We don’t often talk about it.
In fact, it’s something we tend to avoid even thinking about.
But it’s one of the few things we all have in common. We’ll all one day die.
Time is in rather short supply really, and I’ve been talking a lot about this with my kids recently. How we choose to spend our time is really, really important. Because we don’t get it back. Once the minutes are gone, they’re gone for good.
So while chatting about all of this with my big kids last week, we narrowed down to 5 things we likely won’t say on our death bed and I thought I’d share them with you today.
1. “I wish I’d watched more television.”
It’s pretty rare we can walk away from a television show and feel like we’ve just become a better person or spent our time in the best possible way.
Action: pick one television show that you watch on a weekly basis, and ditch it. Use your free time to cultivate a hobby, work on a special project, read a book, do some self care, play a board game or exercise.
2. “I wish I’d spent more time on Facebook.”
Or Twitter, or Instagram, or Pinterest!
Don’t get me wrong, social media is fun. It’s a great way to connect to people around the world, including family, friends and customers.
But it’s also a massive time suck. It can pull us into the trap of compare-and-despair and can cause us to become self-absorbed as we regularly update people about our lives.
A definite measure of balance is required.
Action: Create set periods during which to utilise social media. Use an app to enforce this if you need to. The Freedom app is a great option, compatible with Windows and Mac computers, Android phones and tablets and iOS devices, and will keep you working distraction free. The basic plan is free but if you need to upgrade, at just $79 USD a year, you’d earn that back in time spent working rather than being distracted!
3. “I wish I’d spent more time recording events and special moments.”
Seriously? Instead of being there, in the moment, we’ll wish we’d taken more photos? Not likely.
I remember being on a whale watching cruise a few years ago and while everyone was madly trying to capture a photo of the whale calf that kept surfacing near our boat, the captain reminded us that the best thing to use to capture these beautiful images was our memory.
One of the incredible things about the Internet age is that we can snap a record of a moment and share it with the world within seconds. The problem with this is that it takes us away from that present moment and into a different world.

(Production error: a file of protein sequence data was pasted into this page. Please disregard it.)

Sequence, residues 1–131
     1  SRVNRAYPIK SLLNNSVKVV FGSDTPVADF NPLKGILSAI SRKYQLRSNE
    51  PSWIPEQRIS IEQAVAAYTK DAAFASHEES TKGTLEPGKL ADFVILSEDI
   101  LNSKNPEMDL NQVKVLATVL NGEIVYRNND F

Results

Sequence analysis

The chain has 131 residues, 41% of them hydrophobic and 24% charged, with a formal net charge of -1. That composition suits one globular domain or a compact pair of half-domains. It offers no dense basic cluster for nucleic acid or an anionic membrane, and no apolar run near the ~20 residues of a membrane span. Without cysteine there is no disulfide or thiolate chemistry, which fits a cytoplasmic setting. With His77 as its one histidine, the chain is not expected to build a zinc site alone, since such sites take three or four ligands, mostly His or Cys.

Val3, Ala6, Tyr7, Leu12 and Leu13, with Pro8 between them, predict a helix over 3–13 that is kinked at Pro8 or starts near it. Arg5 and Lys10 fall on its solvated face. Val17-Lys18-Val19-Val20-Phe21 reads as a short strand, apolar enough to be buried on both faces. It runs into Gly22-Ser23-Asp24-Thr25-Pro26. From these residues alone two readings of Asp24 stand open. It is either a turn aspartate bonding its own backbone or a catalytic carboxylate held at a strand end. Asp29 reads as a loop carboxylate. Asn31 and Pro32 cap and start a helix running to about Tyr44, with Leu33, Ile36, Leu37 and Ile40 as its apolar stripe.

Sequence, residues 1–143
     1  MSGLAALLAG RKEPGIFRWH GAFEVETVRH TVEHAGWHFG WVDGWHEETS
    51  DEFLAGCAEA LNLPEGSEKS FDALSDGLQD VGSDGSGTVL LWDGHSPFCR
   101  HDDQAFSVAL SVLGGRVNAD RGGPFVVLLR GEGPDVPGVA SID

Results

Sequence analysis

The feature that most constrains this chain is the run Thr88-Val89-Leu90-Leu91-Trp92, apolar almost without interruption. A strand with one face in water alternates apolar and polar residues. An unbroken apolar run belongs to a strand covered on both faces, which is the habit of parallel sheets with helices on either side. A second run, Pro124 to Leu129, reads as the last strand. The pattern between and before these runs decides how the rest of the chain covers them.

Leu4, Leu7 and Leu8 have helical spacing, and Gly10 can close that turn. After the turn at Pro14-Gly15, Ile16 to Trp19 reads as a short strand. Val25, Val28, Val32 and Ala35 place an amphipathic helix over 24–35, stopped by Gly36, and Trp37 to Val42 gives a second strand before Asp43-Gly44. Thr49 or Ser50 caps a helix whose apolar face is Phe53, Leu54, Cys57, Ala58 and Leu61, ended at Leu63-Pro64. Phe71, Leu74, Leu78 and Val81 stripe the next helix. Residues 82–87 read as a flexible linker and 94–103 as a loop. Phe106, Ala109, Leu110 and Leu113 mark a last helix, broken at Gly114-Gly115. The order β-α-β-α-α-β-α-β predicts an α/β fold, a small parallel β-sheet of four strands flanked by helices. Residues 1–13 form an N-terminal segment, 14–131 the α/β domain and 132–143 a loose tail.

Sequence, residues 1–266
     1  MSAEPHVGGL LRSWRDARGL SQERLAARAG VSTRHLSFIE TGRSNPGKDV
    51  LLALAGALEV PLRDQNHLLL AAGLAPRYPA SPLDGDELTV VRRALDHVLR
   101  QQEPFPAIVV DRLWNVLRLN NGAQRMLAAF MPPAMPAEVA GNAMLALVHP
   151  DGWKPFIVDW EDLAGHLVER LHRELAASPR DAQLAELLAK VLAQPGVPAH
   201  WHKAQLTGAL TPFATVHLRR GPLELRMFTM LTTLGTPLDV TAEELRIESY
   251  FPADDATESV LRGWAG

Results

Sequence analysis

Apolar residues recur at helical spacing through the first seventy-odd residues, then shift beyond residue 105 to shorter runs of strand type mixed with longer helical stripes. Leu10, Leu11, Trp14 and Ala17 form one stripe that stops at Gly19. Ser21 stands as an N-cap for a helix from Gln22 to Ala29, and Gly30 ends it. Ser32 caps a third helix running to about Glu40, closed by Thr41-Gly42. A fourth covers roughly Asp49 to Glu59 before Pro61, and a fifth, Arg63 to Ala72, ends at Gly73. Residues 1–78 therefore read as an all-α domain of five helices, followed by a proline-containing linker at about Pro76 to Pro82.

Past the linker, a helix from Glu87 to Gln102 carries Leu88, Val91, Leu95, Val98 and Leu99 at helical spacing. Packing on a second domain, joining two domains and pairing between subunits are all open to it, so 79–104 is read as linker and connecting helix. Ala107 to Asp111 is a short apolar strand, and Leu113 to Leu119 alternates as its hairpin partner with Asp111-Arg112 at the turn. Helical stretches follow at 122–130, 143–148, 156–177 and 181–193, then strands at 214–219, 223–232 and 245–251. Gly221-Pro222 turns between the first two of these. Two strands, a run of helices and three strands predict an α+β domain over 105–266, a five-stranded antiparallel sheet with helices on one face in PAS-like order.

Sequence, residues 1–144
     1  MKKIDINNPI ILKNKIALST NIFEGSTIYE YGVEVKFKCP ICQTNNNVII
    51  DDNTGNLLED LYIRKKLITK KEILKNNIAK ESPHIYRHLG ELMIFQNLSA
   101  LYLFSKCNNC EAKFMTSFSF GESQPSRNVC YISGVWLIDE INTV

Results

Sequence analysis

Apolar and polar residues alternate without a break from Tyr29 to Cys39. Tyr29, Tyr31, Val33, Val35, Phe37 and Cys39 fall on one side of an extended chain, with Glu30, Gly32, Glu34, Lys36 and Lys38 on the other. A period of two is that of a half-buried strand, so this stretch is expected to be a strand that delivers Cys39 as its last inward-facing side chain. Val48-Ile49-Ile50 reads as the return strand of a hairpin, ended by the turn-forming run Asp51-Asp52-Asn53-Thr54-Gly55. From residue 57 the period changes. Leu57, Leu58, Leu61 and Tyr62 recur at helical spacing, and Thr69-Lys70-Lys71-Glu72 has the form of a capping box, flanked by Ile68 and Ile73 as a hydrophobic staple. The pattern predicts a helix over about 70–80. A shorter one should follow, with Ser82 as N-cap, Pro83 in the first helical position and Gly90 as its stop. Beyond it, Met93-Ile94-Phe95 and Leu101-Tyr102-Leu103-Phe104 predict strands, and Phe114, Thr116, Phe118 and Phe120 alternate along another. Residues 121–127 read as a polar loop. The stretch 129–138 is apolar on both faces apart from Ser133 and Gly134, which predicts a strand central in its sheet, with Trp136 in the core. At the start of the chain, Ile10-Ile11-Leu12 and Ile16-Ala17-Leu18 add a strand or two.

If we’re in the habit of doing this, we might need to make a conscious effort to break out of it. If this is the case, you can stop and ask yourself if you’d rather live this moment or preserve it to look at later. The answer should hopefully be pretty clear!
Action: If you take a photo, wait to share it until your scheduled social media time comes around, and just enjoy being in the moment. Don’t worry about the people who aren’t there to enjoy the moment with you. Concentrate on those who are. You can share it later.
4. “I wish I’d spent more time taking online surveys and entering competitions.”
I’m pretty sure none of us will wish we’d spent more of our precious time doing this.
Now, I know that conducting surveys is an important facet of a lot of businesses and helps them to refine their services for us, and I also appreciate the appeal in winning something. But we really need to be selective about it and not fall for every survey or competition that pops up. Our time is worth far more than any free thank you gift or any “chance” to win, and entering all of these things takes time away from us.
Chances are we don’t need the free stuff anyway!
Action: Try unsubscribing from the mailing lists that send surveys to you, and unfollow the social media accounts that throw competitions at you regularly. If you REALLY love competitions, try limiting yourself to entering them on one day of the week.
5. “I wish I’d bought more stuff.”
Now I can’t be sure because I’ve never been on a death bed, but I’m fairly certain that I’ll remember the experiences in my life more than I’ll remember the stuff… I really hope I won’t be thinking about that fabulous antique desk I acquired in my early 40s!!
Research and experience indicates that people who are dying talk predominantly about the people they love and the beautiful, connecting experiences that they had with those people… not about their possessions.
Action: Commit to weighing your purchasing decisions carefully. Ask yourself if you really do need to buy this. Consider simplifying your life by donating what you don’t need. Try gifting experiences of your service and time, rather than physical gifts.
Over to you: what would you add to this list? And what action can you start taking today?